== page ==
Hot and cold weather changes will also bring about the yellowing of leaves, as the rose bush can be stressed out. Giving the plant some water with Super Thrive mixed into it can help relieve such stresses, as well as transplanting shock and stress.

If your Knock Out rose turned yellow along with falling off of some leaves, this can be a normal cycle of life as well. This is usually lower foliage that is shaded by dense new upper foliage. The lower foliage being shaded is no longer able to catch the sun’s rays nor is it as able to take in nutrients, thus the bush sheds the leaves. Foliage that has become extremely thick can bring about the yellowing for a couple of reasons.

One is that the thick foliage causes the same shading effect mentioned previously. Another is that the thick foliage limits good air flow. When the weather turns very hot, the bush needs the air circulation to help keep it cool. If the foliage is too thick, it will drop some leaves to create air space in an effort to keep cooler. This is part of the heat stress reaction by the bush.

Keep a good eye on your rose bushes and check things out well when a problem is first noticed, and it will go a long way towards enjoyment rather than frustration.

How to Care for a Rose With Yellow Leaves

A previously healthy rose bush that suddenly shows signs of disease is cause for alarm and dismay among rose gardeners. One of the most common causes of yellow leaves in a rose bush is a fungal infection called black spot. When a rose contracts this fungus, black spots will appear on leaves the leaves will turn yellow and then drop from the rose bush to the soil. Although the prognosis for black spot is bleak, a gardener has several options for minimizing long-term damage.

Clip off the infected leaves and branches from the rose bush with the pruning shears as soon as possible after you find yellowing leaves. Remove every unhealthy, yellowed leaf and branch from the rose bush at the nearest point where the leaf or branch intersects with the next largest stem or branch.

Discard the removed foliage and stems directly into the garbage bag. Do not compost these leaves. Clean up any fallen leaves and foliage that are littering the ground beneath the rose bush and discard these also.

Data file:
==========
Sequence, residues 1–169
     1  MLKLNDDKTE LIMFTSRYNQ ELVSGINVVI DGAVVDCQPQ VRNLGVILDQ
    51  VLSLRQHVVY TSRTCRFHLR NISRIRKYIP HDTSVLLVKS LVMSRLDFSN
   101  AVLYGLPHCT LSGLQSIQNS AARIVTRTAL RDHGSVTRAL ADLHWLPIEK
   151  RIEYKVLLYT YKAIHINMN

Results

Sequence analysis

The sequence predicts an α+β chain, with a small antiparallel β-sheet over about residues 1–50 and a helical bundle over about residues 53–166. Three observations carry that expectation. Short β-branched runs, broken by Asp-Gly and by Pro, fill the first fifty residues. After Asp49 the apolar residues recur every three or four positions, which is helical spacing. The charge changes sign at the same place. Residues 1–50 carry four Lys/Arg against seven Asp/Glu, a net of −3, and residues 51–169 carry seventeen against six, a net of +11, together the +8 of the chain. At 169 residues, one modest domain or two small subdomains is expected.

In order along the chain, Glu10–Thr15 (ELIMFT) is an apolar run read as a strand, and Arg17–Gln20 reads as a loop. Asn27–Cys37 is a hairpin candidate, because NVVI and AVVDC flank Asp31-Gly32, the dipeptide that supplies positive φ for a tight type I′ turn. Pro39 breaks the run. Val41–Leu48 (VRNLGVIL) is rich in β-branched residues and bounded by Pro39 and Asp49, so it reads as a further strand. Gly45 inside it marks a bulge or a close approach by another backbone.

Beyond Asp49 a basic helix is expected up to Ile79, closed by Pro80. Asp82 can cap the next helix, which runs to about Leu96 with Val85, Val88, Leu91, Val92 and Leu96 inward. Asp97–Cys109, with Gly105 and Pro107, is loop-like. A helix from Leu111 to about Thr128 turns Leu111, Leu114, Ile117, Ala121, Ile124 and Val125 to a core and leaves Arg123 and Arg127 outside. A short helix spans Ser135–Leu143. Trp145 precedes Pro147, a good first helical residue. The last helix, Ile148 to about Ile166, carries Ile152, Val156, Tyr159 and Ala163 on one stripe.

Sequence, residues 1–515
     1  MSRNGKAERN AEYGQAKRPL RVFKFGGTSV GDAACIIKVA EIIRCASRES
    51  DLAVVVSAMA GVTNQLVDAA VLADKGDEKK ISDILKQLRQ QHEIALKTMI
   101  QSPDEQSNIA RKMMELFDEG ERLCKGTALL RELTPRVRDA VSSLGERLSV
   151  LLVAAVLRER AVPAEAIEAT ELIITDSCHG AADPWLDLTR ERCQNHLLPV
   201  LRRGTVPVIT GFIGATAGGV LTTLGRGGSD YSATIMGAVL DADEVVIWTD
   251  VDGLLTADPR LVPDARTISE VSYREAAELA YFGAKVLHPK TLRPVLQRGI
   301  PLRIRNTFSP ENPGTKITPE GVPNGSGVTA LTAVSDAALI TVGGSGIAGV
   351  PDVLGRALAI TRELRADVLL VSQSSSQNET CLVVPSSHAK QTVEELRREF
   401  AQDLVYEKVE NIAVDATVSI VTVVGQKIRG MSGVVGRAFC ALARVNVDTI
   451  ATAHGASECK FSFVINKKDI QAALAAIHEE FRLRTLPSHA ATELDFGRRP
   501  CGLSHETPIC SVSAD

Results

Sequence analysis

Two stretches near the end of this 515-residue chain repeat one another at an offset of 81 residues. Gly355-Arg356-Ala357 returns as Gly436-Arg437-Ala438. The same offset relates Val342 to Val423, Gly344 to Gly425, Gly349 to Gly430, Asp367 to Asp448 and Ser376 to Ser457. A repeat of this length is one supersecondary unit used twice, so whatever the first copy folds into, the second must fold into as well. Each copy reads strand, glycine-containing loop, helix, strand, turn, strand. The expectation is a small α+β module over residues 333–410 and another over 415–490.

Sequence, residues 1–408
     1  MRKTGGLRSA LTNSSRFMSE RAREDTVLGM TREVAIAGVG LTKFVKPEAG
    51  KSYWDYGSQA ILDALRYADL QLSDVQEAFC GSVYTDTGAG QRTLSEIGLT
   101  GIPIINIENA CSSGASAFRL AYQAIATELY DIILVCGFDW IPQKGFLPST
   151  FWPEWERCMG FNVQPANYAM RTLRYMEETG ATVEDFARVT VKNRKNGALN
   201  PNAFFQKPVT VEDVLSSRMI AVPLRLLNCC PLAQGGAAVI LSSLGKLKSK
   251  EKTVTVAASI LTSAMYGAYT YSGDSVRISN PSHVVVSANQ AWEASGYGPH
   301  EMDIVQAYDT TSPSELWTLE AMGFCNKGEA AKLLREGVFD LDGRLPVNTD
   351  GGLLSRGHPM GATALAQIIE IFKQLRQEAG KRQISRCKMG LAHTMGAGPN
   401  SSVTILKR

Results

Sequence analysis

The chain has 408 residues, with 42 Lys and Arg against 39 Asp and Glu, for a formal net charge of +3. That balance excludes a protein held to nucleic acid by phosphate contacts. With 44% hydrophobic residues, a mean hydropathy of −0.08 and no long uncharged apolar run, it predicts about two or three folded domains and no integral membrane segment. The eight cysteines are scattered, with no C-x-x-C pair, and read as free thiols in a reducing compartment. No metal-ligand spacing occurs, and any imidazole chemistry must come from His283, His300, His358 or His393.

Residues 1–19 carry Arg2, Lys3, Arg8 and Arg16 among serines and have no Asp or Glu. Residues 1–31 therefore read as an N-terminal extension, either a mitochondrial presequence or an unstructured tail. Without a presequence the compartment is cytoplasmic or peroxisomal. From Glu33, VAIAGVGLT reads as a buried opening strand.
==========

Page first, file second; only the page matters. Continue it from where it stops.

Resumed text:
• A previously healthy rose bush that suddenly shows signs of disease is cause for alarm and dismay among rose gardeners.

Make a fungicidal spray. Dissolve the 1 tsp. of baking soda in 1 qt. of cool water. Add two to three drops of dishwashing detergent to the baking soda and water and stir the ingredients well to combine them. Pour the mixture into the spray bottle. Alternatively, you can also purchase a fungicidal spray appropriate to use on roses from any garden center.

  • Add two to three drops of dishwashing detergent to the baking soda and water and stir the ingredients well to combine them.

Spray fungicidal spray onto the remaining foliage of the rose bush (and any surrounding bushes to prevent the fungal infection from spreading). Apply the fungicidal spray two to three times per month to the rose bush. Always reapply the fungicidal spray after any rain showers.

Consider removing the entire rose bush if the fungal infection is so severe that the rose bush does not respond to your pruning and fungicidal spray applications. If one-third or more of the entire rose bush has yellow leaves or is bare because leaves have fallen, the fungal infection is likely too severe to treat. If the yellowing leaves do not decrease after you begin treating the symptoms but rather the infection continues to spread, the infection may be too severe to control. In this case, removing the plant is best, to prevent the infection from spreading.